Facebook reported second-quarter earnings on Thursday amid generally high expectations for the company's advertising business, especially as it pertains to mobile and video. Investors were not disappointed.
Facebook posted Q2 advertising revenue of $2.68 billion, a 67% increase from Q2 2013. Of that, mobile advertising is becoming increasingly important – it constituted 62% of Facebook’s total advertising revenue in Q2 2014, up from 41% in Q2 2013. Read the earnings release.
Ad prices spike, unlike Yahoo. On the company's earnings call, CFO David Ebersman said Facebook's ad volume fell during the quarter as a result of the rapid consumer shift to mobile (and, hence, news feed-only ad placements).
Meanwhile ad prices rose as well, driven by that very same shift to news feed inventory, which is more expensive. (Incidentally, it's exactly the opposite dynamic that Yahoo experienced in its most recent quarter; Yahoo's volume rose while CPMs fell.)
Ad prices are also rising for right rail inventory as Facebook pushes a redesign featuring more prominent ad formats within that real estate. COO Sheryl Sandberg added that these ads are getting higher engagement rates than their predecessors, and can be presumed to be more effective.
Mobile install color. Facebook doesn't break out revenue or impression volume for its mobile app install ads formats, which seek to drive downloads of mobile games and other app experiences. Sandberg sought to portray mobile ad revenue as diversified across a wide range of advertisers. "Sometimes people think mobile app install ads are the great majority of revenue. They're not," she said. "Mobile ad revenue is broad-based. We have large brand advertisers, small SMBs and developers."
Slo-mo video. Analysts have looked favorably on Facebook's investments in video, evidenced by its experiments with auto-play ads in the news feed (it has run about 12 campaigns so far) and its acquisition of LiveRail this month for an estimated $500 million. Asked about the LiveRail deal in particular, Sandberg said LiveRail would essentially support Facebook's ad network, launched in May. "With the [Facebook] Audience Network we have an opportunity to increase ad relevance for publishers. We see [LiveRail] as an opportunity to increase reach and relevance of ads on and off Facebook," she said. In other words, it's all about extending Facebook ad revenue off its O&O properties.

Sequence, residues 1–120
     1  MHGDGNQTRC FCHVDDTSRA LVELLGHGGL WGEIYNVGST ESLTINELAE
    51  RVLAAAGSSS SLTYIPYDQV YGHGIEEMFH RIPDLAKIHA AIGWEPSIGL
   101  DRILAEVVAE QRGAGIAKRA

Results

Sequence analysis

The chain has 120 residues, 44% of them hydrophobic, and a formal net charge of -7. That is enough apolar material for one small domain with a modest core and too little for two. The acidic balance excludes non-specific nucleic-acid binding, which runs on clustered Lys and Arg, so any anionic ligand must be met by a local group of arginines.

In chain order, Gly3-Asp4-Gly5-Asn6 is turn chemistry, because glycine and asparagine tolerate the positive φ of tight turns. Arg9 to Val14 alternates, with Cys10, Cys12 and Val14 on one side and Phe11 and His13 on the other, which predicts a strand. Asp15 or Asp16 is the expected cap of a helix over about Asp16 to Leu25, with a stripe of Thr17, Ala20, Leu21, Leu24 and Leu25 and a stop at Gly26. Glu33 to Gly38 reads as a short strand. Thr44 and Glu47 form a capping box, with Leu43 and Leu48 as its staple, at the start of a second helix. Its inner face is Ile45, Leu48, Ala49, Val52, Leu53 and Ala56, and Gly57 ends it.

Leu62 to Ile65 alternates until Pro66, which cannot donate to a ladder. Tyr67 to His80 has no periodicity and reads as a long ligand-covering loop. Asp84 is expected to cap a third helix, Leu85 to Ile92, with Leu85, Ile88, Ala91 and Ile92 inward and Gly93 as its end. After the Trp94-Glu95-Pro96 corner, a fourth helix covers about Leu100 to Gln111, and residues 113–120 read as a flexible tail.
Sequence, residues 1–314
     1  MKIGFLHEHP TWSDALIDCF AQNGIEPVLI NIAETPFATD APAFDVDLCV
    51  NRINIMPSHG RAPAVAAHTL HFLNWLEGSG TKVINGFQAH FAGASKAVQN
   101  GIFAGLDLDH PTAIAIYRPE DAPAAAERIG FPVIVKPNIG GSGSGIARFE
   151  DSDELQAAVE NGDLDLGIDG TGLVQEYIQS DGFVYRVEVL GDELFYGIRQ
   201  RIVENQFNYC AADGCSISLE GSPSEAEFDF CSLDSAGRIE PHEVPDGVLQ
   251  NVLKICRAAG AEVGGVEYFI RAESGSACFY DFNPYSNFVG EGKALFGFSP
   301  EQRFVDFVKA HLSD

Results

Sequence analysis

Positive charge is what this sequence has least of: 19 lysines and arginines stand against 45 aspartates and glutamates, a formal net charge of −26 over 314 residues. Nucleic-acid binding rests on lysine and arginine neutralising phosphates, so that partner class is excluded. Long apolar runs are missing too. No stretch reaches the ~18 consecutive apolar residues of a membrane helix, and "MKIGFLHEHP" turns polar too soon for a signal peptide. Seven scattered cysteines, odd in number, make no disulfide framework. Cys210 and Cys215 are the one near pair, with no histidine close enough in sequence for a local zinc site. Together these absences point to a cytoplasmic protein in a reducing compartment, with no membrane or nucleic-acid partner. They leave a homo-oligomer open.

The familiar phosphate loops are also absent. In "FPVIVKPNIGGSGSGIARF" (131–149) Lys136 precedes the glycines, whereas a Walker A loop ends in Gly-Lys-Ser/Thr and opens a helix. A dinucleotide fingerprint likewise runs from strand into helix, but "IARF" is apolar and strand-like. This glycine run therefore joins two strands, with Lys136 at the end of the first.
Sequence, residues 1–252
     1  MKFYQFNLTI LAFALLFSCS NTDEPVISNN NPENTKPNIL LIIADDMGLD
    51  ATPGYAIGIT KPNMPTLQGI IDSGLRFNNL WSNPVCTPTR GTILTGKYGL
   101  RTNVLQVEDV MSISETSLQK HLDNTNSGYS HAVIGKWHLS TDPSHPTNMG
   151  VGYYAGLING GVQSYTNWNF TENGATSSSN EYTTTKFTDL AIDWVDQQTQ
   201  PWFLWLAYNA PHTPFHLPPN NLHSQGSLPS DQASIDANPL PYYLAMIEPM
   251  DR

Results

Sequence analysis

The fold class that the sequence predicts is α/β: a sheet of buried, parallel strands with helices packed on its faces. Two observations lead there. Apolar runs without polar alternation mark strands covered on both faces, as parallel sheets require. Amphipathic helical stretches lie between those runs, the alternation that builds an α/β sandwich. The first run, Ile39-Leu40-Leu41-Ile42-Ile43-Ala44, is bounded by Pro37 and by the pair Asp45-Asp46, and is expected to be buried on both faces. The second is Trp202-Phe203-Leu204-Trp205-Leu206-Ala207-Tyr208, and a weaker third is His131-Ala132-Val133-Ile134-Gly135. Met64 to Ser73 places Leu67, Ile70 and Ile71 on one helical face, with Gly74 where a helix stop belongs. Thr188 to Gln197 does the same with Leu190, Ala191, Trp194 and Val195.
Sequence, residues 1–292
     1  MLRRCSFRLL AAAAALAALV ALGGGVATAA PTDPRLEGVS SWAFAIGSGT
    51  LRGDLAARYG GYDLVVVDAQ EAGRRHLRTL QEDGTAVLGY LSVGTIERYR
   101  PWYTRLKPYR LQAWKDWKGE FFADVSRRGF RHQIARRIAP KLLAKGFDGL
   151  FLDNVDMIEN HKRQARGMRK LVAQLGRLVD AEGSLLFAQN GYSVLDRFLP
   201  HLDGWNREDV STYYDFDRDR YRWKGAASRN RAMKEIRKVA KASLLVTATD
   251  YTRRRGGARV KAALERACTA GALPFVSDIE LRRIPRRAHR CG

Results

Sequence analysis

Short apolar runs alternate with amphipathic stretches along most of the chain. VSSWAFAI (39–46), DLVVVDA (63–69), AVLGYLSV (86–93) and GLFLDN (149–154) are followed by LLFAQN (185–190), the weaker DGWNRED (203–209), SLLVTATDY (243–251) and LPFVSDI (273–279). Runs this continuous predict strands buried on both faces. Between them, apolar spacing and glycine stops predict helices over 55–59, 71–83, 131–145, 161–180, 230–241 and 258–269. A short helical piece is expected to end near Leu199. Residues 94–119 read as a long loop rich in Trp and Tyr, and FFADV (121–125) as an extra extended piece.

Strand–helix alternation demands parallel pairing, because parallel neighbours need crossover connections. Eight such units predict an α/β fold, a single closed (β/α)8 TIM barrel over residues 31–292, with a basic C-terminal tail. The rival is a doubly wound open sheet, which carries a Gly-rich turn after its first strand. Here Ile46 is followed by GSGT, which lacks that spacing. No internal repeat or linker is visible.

However Facebook is clearly still in the warm-up stages of its auto-play video experiment. CEO Mark Zuckerberg said it wants to accelerate organic video sharing before dialing up paid video media, and that takes time. "We're trying to ramp up the amount of public content people share at the same time that we're ramping up auto-play video ads. Also, we want to be sure we don't overconsume people's data. In a word, we're focused on quality."
Keep on measurin'. Facebook will also stay focused on its partnerships to track the offline impact of its ads. Here's Sandberg:
"We've done a lot of work over the last year or two on measurement. Investing in measurement and connecting not just online to online but online to offline is super important. ... We have an advantage in that we have real identity across desktop and mobile. We have relationships with third parties to connect offline and online sales to online ads and those investments remain a very big focus for us."
Keep on growin'. Audience growth is still strong. Facebook’s daily active users (DAUs) increased 19% year over year to 829 million. Mobile DAUs increased 39% year over year to 654 million. Monthly active users (MAUs) increased 14% year over year to 1.32 billion, and mobile MAUs increased 31% year over year to 1.07 billion.